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Nakusp council gets its first look at the budget

Last Thursday I sat in on a 2.5-hour meeting as Nakusp council got a look at a preliminary version of the 2014 budget.

They were presented with a look at what it would cost for the village to maintain current services, as well as a list of funding requests for projects staff is considering.

From a newsworthiness perspective, it wasn't really worth my time, other than getting an insight into the budget process.

Councillors were shown a PowerPoint presentation filled with slides with lots of numbers comparing 2013 spending to projected 2014 spending. It was a chance for them to review the numbers and get an idea of where the finances stood before embarking on the budget debate.

As Rob Richards, the village's Chief Financial Officer, stressed to me afterwards, the numbers were preliminary and did not represent an actual budget. "It was simply a presentation of staff's recommendations for council's consideration," he wrote to me in an e-mail. "None of the discussion should be construed as council debate — or an indication if they were favourable to the proposed items or not."

A more elaborate discussion was scheduled for a special council meeting on Monday, Feb. 17. Councillors will give first readings of the budget at their Feb. 24 meeting.

So, what did council see? They were presented with numbers for 2014 that were based on last year's results, with a few general assumptions made regarding things like wage increases, hydro rate hikes, increased taxation from new development, recycling csosts, and a few other items.

Revenue is projected to decrease to about $1.26 million in 2014 from about $1.28 million in 2013, but spending is also expected to go down to about $1.25 million from about $1.27 million in 2013. Savings are in the administration, parks and recreation, and emergency services building, with increases to run the fire department, hot springs, and public works.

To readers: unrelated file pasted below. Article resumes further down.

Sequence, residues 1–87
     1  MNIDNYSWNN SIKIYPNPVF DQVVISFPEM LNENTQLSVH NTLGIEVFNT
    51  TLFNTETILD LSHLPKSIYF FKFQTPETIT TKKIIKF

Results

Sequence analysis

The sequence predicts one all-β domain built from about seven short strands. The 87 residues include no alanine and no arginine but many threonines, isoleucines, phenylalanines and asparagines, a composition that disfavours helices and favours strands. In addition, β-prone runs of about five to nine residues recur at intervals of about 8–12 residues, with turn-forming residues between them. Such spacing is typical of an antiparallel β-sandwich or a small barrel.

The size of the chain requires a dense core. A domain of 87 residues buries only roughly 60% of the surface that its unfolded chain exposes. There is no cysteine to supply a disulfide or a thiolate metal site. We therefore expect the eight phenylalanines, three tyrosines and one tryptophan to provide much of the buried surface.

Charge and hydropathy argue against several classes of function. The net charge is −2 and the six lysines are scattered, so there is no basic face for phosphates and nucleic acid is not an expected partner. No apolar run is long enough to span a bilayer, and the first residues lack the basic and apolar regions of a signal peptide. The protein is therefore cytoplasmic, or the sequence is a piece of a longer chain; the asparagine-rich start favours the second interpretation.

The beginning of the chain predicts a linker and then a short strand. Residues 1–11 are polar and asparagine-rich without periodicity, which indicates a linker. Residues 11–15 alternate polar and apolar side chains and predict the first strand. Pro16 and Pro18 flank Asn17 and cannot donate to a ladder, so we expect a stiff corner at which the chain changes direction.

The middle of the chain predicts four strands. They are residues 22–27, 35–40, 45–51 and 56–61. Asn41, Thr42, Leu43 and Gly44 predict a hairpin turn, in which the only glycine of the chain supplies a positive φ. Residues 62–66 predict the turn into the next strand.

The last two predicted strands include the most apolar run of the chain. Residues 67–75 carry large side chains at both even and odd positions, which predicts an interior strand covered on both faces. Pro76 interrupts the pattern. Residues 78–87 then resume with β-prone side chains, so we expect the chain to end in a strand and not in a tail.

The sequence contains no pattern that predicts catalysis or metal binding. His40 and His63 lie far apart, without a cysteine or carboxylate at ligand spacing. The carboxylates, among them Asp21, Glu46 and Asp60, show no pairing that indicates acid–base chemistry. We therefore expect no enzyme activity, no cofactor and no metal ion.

The Cedar Chalets are projected to bring in $11,300 in revenue to the village.

There are challenges — notably in building up the village's reserves, said chief administrative officer Linda Tynan, but also lots of great work being done. There is some uncertainty surrounding the hot springs and Cedar Chalets now that the village owns the latter.

More interesting was the list of funding requests council was presented with. They ranged from $2,500 to do some repairs to the squash court to $40,000 to purchase a generator for the hot springs. Other requests included new uniforms for the fire department, more funding to the Chamber of Commerce to run the visitor centre, lighting along the waterfront path, leveling the ground at the cemetery and bringing in broadband service.

Council gave a quick thumbs up or down on whether to include those projects in the first draft of the budget. On some items, like the hot springs generator, they asked for more information.

There was lots of informal discussion but the real debate was expected to begin when staff presented council with a draft budget at at a special meeting on Monday, Feb. 17, which I did not attend. An official budget will be presented at this Monday's council meeting.

Priorities will have to be made. As mayor Karen Hamling pointed out to me after the meeting, a one per cent tax increase only raised about $8,000 in revenue, so there's not much room to increase revenue without either big tax increases or finding grant money.

 

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